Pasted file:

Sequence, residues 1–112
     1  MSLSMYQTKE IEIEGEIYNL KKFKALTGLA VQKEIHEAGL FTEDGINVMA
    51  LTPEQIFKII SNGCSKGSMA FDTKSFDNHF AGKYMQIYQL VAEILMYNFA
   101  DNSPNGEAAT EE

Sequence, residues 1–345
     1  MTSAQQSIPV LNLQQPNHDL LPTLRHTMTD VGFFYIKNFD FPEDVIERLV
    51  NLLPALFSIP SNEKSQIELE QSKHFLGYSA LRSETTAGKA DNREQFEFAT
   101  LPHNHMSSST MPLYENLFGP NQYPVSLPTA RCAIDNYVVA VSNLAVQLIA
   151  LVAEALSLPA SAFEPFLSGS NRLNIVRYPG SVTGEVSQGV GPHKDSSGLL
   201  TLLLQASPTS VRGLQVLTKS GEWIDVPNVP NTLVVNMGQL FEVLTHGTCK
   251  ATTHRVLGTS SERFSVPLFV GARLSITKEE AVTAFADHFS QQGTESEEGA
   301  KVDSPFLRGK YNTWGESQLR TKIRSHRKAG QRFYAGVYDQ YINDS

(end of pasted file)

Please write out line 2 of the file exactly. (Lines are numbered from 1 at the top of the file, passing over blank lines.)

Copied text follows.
     1  MSLSMYQTKE IEIEGEIYNL KKFKALTGLA VQKEIHEAGL FTEDGINVMA